# A linear map in $2D$ whose components are Hodge-dual to each other is conformal

The following is a nice little lemma that I stumbled upon, that I thought might be useful for other people too:

Let $$(V,g)$$ be a $$2$$-dimensional oriented inner product space, and let $$T:V \to \mathbb{R}^2$$ be a linear map defined by $$T(v)=(\alpha_1(v),\alpha_2(v))$$, where $$\alpha_1 \in V^*$$ is non-zero and $$\alpha_2=-\star_{V^*}\alpha_1$$. Then $$T$$ is an orientation-reversing conformal map.

Here $$\star_{V^*}:V^* \to V^*$$ is the Hodge-star operator associated with the metric and orientation on $$V^*$$ induced by those on $$V$$.

Edit: I guess that this claim can be 'upgraded' to an 'if and only if' statement, i.e. $$f=(\alpha_1,\alpha_2)$$ is conformal$$+$$ orientation-reversing if and only if $$\alpha_2=-\star_{V^*}\alpha_1$$. I would be interested to see a proof for that.

The question is really about how to prove that conformality implies $$\alpha_2=\pm \star_{V^*}\alpha_1$$. (the right sign than should be easy to verify).

Question: How to prove this lemma in an elegant way?

(I have one proof and I guess there are other shorter approaches out there).

The basic intuition is that in even-dimensional spaces, the Hodge-dual acting on forms of degree which is half the dimension, maps each form to a form which is orthogonal to it:

$$\langle \alpha, \star_{V^*} \alpha\rangle \text{Vol}_V= \alpha \wedge \star_{V^*} (\star_{V^*} \alpha)=\pm \alpha \wedge \alpha=0.$$

Thus,$$\langle \alpha_2,\alpha_1\rangle=-\langle \star_{V^*} \alpha_1,\alpha_1\rangle=0$$. The fact that $$\alpha_1 \perp \alpha_2$$ is essentially equivalent to $$T$$ being represented (w.r.t orthogonal bases) via a matrix whose rows are orthogonal-i.e. a rescaling of an orthogonal matrix.

(However, my proof does not exactly follow this line of reasoning.)

Proof:

$$T(v)=(\alpha_1(v),\alpha_2(v))$$ implies that

$$| T(v)|^2=| \alpha_1(v)|^2+| \alpha_2(v)|^2.$$ Since the Hodge operator commutes with duals*, we have $$\alpha_2(v)=-\star_{V^*}\alpha_1(v)=\alpha_1(\star_{V}v)$$. Thus $$| T(v)|^2=| \alpha_1(v)|^2+| \alpha_1(\star_{V} v)|^2=| \alpha_1|^2|v|^2,$$

so $$T$$ is conformal. (In the last equality we have used the fact that when $$|w|=1$$ $$\{w,\star_{V} w\}$$ form an orthonormal basis for $$V$$).

To see that $$T$$ is orientation-reversing, note that if $$|v|=1$$, than

$$T(v) \wedge T(\star_{V} v) = (\alpha_1(v),-\star_{V^*} \alpha_1(v)) \wedge (\alpha_1( \star_{V} v),-\star_{V^*} \alpha_1(\star_{V} v))=$$

$$(\alpha_1(v), \alpha_1(\star_{V} v)) \wedge (\alpha_1( \star_{V} v), \alpha_1(\star_{V}\star_{V} v))=$$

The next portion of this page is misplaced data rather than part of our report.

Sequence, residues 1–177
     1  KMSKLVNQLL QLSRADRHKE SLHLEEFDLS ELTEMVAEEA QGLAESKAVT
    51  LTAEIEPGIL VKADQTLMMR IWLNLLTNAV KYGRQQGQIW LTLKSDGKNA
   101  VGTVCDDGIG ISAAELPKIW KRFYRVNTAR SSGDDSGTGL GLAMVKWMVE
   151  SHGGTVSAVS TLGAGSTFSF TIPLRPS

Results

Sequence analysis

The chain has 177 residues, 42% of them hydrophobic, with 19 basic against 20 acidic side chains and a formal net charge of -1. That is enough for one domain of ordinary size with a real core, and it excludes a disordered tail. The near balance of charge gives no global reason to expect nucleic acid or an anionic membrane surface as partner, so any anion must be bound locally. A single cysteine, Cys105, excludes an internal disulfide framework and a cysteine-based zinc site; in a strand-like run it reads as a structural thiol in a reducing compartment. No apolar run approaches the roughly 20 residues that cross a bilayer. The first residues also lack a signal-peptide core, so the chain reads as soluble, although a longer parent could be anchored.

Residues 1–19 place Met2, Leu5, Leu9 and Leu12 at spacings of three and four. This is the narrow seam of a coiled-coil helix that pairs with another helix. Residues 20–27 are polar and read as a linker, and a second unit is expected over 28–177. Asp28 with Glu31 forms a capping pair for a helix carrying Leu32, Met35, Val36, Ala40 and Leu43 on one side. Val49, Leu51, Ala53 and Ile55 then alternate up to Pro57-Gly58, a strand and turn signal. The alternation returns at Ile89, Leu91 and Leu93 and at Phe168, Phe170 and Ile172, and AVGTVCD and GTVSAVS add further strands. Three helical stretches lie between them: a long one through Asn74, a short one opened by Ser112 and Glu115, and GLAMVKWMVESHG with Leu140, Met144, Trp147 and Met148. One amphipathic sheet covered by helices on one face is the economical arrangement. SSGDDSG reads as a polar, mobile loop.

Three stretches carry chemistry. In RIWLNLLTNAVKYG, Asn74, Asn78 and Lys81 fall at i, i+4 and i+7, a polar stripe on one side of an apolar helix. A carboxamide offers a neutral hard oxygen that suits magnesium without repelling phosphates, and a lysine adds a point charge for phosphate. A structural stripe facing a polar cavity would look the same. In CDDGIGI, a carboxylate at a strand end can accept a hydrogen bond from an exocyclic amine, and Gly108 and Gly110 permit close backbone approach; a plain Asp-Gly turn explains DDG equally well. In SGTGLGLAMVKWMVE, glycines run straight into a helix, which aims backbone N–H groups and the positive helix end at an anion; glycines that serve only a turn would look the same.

$$(\alpha_1(v), \alpha_1(\star_{V} v)) \wedge (\alpha_1( \star_{V} v), -\alpha_1(v))=(\alpha_1(v)e_1+ \alpha_1(\star v)e_2) \wedge (\alpha_1( \star v)e_1-\alpha_1(v)e_2)=$$

$$-(| \alpha_1(v)|^2+| \alpha_1(\star_{V} v)|^2)e_1 \wedge e_2=-| \alpha_1|^2 e_1 \wedge e_2,$$

so $$T \wedge T(v \wedge \star_{V} v)=-| \alpha_1|^2 (e_1 \wedge e_2),$$ i.e. $$\det T=-| \alpha_1|^2 <0$$.

(Here we used the fact that $$(v,\star_{V} v)$$ form a positive orthonormal basis for $$V$$).

*Actually, we do not really need to use the fact that the Hodge operator commutes with duals:

We can instead think of every $$v \in V$$ as an element in $$\tilde v \in V^{**}$$. Thus,

$$| T(v)|^2=| \alpha_1(v)|^2+| \star_{V^*}\alpha_1(v)|^2=| \tilde v(\alpha_1)|^2+| \tilde v(\star\alpha_1)|^2=|\alpha_1|^2|\tilde v|^2,$$

where in the last equality we used the fact that when $$|\alpha|=1$$, $$\{\alpha,\star \alpha\}$$ form an orthonormal basis for $$V^*$$.

Since $$|\tilde v|=|v|$$, we obtain $$| T(v)|=|\alpha_1||v|$$ as required.

Edit:

Here is a proof for the other direction. Suppose that $$T=(\alpha_1,\alpha_2)$$ is conformal. Then, after normalizing, we can assume that

$$|v|^2=| T(v)|^2=| \alpha_1(v)|^2+| \alpha_2(v)|^2.$$ Representing $$\alpha_1,\alpha_2$$ as vectors $$v_1,v_2$$ via the musical isomorphism, we obtain

$$|v|^2=\langle v,v_1 \rangle^2+\langle v,v_2 \rangle^2.$$

Plugging in $$v=v_1$$ we deduce that $$v_1 \perp v_2$$. Plugging in $$v=v_1$$ we get $$|v_1|^2=\langle v_1,v_1 \rangle^2=|v_1|^4$$ so $$|v_1|=1$$, and similarly for $$v_2$$.

(The same proof shows that any set of vectors satisfying Parseval's identity is orthonormal). So, we showed $$v_1,v_2$$ is an orthonormal basis, hence so is $$\alpha_1,\alpha_2$$, which implies $$\alpha_1=\pm \star \alpha_2$$.